I walked down the hospital corridor listlessly. My feet dragged as they fought each attempt to lift off the ground. My body was tired and achy. The phone calls the night before had been relentless. Each stolen moment of sleep was interrupted before a deep, restful state could be reached. It was Monday morning.
I sat at the nursing station, flipping through charts. A colleague across the table was staring intently at his computer screen. He previously had been a private practitioner like myself, but he shuttered his practice to become a hospitalist. He glanced over at me appraisingly, taking in my disheveled hair and unshaven face.
I nodded in his direction and looked up from the progress note I was struggling to complete. I wasn’t making much headway.
So why did you leave your practice anyway?
A look of pity came over his face as he stared down at a coffee stain on my wrinkled gray lab coat.
I was tired!
He went on to explain that it was not physical but rather emotional fatigue that spurred his decision. He was tired of fighting with his patients.
As I exited the hospital, I pondered my interactions with my patients over the past week.
A healthy, 35-year-old woman called my office daily complaining of a benign upper respiratory tract infection. During each conversation she demanded that I prescribe an antibiotic, and each time I explained how it was inappropriate. I cited studies, explained the possible harm to herself as well as society, and gave a number of recommendations for alleviating her symptoms. She responded by saying that all her friends’ doctors gave them antibiotics. Eventually she decided to leave my practice and find care elsewhere.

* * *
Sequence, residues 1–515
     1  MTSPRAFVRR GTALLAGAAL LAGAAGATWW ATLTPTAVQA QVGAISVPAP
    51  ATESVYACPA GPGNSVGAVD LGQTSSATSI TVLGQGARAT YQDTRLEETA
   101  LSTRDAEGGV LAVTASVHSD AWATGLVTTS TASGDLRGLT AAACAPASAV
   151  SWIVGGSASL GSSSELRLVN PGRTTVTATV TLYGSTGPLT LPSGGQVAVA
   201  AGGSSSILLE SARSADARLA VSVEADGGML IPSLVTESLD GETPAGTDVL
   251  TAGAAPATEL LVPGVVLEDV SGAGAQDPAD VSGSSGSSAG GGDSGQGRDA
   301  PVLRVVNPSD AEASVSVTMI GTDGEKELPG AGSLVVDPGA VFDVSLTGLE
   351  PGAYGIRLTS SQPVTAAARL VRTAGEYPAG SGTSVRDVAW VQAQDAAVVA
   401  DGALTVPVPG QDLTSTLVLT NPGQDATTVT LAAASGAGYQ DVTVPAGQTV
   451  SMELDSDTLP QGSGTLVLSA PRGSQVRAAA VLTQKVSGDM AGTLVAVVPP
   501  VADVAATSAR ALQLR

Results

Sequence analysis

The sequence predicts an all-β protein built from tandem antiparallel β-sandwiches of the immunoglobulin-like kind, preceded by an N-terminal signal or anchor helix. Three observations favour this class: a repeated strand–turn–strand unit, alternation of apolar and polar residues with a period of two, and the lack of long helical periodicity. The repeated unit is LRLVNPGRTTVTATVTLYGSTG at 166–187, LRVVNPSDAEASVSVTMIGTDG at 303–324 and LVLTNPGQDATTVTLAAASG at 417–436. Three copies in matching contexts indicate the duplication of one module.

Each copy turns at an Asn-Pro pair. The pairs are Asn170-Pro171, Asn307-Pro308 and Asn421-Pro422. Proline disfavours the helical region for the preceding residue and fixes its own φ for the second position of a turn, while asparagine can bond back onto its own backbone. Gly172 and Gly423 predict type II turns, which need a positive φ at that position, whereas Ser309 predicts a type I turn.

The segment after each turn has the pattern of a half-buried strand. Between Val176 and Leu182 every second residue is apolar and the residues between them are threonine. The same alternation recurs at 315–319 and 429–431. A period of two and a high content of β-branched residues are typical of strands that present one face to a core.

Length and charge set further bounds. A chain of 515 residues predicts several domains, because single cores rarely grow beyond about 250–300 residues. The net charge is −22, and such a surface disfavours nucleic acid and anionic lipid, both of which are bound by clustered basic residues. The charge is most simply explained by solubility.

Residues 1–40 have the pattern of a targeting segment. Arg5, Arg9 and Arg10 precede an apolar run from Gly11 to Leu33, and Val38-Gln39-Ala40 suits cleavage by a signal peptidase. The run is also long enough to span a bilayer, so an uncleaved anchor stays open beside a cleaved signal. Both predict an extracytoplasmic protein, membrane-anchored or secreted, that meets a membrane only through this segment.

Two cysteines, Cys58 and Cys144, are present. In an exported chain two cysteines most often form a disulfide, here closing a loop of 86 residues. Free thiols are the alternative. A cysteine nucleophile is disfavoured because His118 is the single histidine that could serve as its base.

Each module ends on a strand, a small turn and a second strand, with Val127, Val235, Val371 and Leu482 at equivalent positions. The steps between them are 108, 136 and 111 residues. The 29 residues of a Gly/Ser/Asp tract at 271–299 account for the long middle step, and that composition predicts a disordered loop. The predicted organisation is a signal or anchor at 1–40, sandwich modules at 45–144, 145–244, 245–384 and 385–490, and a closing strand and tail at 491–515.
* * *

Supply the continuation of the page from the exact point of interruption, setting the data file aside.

A 100-year-old woman with dementia experienced a devastating stroke that left her unconscious. Her physician ordered the placement of a feeding tube and transferred her to a nursing home for further care. Last week her kidneys began to fail, and her son demanded that hemodialysis be initiated. I invited the family to the nursing home and spent an hour discussing futile care and its consequences. We talked about how individuals aged 100 do not tolerate dialysis well and that the patient’s quality of life was already poor. Following this, the son stormed out of the room and accused me of trying to kill his mother.
A 60-year-old woman with chronic back pain came to my office for a refill of a narcotic prescribed by her orthopedist. I talked to her at length about the pain and explained that narcotics are not effective for long-term control of musculoskeletal pain. I looked her up on the Illinois prescription monitor and learned that she received more than 250 hydrocodone pills from 3 different physicians over the past week. When I refused to write another, she stormed out of the office and threatened to call the local medical board.
The doctor-patient relationship can be difficult. At it’s best, it is a mutual, symbiotic connection between client and consultant. Sometimes, however, being a physician is like trying to parent 2000 teenagers. Although there is great affection on both sides of the examining table, the perspectives are markedly different.
I admit that I can never know exactly what my patients are feeling; I haven’t walked a day in their shoes. On the other hand, I have years of experience treating just the sort of complaints for which they come to my door seeking help.
There are days when I fervently wish they would let me use this experience to help them.
And there are days when I wonder if I should have ever decided to become a physician in the first place.